An October 31 article in Popular Science indicates that neuroscientists at MIT have identified the region of the brain that switches between old and new habits. Furthermore, they appear to have been able to “turn off” ingrained habits using optogenetics.
The implications of this are profound. First, if we can identify where habits are stored in humans and similarly apply this treatment, can we reduce recidivism? If we choose to apply such treatments, are we heading for something akin to A Clockwork Orange, where we have people who are forced into good habits?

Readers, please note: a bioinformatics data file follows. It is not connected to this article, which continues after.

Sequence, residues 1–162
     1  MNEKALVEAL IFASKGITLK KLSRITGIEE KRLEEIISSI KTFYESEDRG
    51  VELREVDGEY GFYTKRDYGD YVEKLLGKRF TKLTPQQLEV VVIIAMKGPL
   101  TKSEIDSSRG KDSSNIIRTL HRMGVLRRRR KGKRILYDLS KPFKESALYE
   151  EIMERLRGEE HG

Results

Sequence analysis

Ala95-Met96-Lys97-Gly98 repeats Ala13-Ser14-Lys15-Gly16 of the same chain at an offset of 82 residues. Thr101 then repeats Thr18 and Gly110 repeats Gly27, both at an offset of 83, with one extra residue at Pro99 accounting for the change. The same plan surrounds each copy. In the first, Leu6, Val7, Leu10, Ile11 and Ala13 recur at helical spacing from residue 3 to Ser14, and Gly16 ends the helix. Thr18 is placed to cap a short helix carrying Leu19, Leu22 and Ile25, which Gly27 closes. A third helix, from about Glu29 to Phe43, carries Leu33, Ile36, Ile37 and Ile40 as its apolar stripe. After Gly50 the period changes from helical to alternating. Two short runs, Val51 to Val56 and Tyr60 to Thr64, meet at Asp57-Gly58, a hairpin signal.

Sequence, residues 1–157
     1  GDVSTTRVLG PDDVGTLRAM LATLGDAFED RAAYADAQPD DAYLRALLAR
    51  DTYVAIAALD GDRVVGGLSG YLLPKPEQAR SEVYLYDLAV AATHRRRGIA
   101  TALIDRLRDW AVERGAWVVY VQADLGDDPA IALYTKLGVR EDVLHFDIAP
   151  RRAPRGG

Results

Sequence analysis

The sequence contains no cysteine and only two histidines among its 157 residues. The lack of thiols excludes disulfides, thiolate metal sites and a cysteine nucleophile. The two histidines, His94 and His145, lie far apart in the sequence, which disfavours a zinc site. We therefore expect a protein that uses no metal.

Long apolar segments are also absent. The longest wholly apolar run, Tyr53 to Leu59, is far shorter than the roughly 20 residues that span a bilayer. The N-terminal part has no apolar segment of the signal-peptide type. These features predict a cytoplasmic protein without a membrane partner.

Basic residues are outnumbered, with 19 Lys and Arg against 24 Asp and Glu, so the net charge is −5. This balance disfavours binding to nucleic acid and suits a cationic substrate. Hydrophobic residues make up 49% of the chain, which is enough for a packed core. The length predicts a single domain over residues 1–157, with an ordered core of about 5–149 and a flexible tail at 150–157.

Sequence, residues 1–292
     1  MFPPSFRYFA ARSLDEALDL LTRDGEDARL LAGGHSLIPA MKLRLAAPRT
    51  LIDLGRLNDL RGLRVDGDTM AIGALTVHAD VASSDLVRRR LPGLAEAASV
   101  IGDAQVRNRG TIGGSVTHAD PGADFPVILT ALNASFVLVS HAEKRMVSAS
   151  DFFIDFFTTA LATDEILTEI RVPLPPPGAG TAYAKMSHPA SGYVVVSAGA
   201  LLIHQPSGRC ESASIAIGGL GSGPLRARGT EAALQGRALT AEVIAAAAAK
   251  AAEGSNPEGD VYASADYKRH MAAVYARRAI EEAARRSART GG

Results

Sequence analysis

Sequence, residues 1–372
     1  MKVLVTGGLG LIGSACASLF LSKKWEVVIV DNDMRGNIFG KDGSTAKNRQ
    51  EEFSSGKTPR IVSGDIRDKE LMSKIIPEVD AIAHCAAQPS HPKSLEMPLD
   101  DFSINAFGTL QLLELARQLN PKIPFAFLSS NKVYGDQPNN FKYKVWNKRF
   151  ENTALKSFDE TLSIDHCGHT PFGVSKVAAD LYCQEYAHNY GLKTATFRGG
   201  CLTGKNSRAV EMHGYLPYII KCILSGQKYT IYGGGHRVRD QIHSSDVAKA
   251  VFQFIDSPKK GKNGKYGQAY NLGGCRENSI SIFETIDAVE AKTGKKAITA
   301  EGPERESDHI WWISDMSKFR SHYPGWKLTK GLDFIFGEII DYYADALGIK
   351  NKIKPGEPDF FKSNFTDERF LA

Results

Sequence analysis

Secondly, if certain behaviors can be stopped, can others be induced? If so, this would seem to add credibility to the notion that people may be simply puppets of their own minds, and thus cannot be held accountable for crimes requiring a voluntary act.